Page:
---@DougCoupland's pessimistic guide to the next 10 years:
1) It's going to get worse.
No silver linings and no lemonade. The elevator only goes down. The bright note is that the elevator will, at some point, stop.
2) The future isn't going to feel futuristic.
It's simply going to feel weird and out-of-control-ish, the way it does now, because too many things are changing too quickly. The reason the future feels odd is because of its unpredictability. If the future didn't feel weirdly unexpected, then something would be wrong.
---Wes Anderson's new ad
---Nick Denton and Gawker:
"There exists in the collective media mind a caricature of Denton as an evil, soulless, Machiavellian puppeteer: the Wizard of Blogs. It is fed in part by some of the familiar pejoratives associated with tech geekery (Denton as anti-social robot, for example), and also by his own publications, which, in the interest of his vaunted transparency, occasionally turn their pitiless gaze on the boss himself, for comic effect. From reading Gawker, I had learned that Denton is not just a terrible employer but one of “New York’s worst,” as well as an unapologetic liar and the kind of person who leaves his own party early in search of a better one. The caricature was not much diminished by speaking to people about their experiences with the man.“He’s not, like, a sociopath, but you kind of have to watch what you’re doing around him,” Ricky Van Veen, the C.E.O. of the Web site College Humor, told me.“The villain public persona is not a hundred-per-cent true,” A. J. Daulerio, the editor-in-chief of Deadspin, Gawker Media’s sports blog, said. “It’s probably eighty-per-cent true.”“He has fun when people say horrible things about him,” the blog guru Anil Dash said.“I can’t lie to make him worse than he is, but he’s pretty bad,” Ian Spiegelman, a former Gawker writer, said.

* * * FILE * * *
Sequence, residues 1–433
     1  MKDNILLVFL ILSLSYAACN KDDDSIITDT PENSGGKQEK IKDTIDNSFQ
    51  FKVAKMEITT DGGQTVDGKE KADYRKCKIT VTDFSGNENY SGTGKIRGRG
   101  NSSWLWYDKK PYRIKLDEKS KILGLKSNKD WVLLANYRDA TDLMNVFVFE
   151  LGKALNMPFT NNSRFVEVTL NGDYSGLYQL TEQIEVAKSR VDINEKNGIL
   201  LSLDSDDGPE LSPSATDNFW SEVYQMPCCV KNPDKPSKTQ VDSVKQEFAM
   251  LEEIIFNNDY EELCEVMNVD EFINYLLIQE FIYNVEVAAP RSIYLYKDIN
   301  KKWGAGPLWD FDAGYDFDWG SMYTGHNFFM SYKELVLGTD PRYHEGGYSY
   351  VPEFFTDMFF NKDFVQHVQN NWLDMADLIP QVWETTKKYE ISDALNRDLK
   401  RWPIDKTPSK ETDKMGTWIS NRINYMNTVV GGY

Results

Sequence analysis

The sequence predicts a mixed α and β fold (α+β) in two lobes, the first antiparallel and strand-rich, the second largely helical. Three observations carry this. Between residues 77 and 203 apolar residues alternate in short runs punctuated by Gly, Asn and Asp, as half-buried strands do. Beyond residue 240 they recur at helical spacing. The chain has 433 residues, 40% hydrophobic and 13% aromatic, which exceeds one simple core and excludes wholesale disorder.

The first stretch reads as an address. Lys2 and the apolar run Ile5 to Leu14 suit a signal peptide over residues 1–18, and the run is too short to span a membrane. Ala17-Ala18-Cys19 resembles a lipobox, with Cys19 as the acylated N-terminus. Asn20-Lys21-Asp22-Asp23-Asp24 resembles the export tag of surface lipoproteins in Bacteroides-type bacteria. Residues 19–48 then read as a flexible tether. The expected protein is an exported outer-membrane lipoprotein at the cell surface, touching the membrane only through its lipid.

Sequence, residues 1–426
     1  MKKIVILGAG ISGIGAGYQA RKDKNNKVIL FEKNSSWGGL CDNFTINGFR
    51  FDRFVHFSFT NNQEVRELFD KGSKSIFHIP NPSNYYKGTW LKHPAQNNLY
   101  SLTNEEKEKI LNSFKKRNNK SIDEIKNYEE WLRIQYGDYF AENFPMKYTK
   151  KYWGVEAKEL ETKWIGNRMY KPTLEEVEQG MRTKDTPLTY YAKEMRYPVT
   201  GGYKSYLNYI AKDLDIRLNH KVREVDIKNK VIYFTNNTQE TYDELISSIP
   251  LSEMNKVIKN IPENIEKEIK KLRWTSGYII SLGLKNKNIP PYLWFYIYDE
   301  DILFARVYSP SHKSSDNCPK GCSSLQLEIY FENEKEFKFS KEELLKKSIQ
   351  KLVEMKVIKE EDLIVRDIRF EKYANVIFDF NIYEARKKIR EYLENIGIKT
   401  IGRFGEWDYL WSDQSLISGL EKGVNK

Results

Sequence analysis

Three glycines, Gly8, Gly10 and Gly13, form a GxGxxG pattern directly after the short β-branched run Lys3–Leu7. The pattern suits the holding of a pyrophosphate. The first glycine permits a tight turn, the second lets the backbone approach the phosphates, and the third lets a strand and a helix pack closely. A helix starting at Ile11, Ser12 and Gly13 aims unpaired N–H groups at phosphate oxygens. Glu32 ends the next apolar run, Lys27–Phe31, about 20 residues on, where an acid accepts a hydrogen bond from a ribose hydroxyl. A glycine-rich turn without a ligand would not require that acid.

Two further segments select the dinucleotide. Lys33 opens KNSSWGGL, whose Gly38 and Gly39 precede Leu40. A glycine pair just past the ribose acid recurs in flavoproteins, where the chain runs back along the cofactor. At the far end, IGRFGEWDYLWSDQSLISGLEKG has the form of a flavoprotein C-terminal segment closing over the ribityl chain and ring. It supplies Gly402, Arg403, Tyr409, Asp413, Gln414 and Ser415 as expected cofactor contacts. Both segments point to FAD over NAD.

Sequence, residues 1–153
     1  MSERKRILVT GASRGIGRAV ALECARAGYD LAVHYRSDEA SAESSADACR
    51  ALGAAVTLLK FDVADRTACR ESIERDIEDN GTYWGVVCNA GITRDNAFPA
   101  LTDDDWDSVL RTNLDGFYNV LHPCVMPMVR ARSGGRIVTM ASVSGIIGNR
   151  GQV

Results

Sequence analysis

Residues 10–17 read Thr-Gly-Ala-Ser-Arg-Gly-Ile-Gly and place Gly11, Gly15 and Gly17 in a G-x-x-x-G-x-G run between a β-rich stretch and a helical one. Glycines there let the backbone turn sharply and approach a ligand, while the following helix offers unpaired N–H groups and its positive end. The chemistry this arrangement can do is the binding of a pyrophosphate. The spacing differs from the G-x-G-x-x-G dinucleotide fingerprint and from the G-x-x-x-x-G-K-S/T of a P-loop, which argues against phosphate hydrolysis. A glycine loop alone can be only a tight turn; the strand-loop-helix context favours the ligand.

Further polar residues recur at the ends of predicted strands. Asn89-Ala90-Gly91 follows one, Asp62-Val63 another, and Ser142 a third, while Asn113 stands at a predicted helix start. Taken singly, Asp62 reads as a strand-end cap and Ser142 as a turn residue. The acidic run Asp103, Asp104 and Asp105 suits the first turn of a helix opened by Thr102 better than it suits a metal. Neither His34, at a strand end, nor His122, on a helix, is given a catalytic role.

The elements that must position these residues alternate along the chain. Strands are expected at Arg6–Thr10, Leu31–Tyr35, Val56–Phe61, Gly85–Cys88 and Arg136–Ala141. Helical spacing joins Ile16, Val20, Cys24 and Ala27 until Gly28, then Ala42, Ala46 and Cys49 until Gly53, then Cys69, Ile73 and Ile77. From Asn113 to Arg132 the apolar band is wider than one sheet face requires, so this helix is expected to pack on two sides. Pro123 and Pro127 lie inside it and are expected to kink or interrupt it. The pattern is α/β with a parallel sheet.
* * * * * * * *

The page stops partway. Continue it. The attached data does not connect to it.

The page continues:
---Uffie's video "Difficult"
---Troy analyzes The Night of the Hunter
---Dave Blakeslee celebrates Elevator to the Gallows
---David Denby considers David Fincher's The Social Network:
"By focussing on the moment of creation, Fincher and Sorkin are getting at something new. From the first scene to the last, “The Social Network” hints at a psychological shift produced by the Information Age, a new impersonality that affects almost everyone. After all, Facebook, like Zuckerberg, is a paradox: a Web site that celebrates the aura of intimacy while providing the relief of distance, substituting bodiless sharing and the thrills of self-created celebrityhood for close encounters of the first kind. Karl Marx suggested that, in the capitalist age, we began to treat one another as commodities. “The Social Network” suggests that we now treat one another as packets of information. Mark Zuckerberg, as interpreted by this film, comes off as a binary personality. As far as he’s concerned, either you’re for him or you’re against him. Either you have information that he can use or you don’t. Apart from that, he’s not interested."
---a history of exploitation cinema by @mattzollerseitz
---inattentive reading and information obesity
---A. O. Scott remembers Walkabout
---Of Dolls and Murder trailer
---predicting the future of information technology
---the first Marty McFly of Back to the Future
---Drenttel and Helfand's Introduction to Graphic Design
---lastly, 106 examples of the creative internet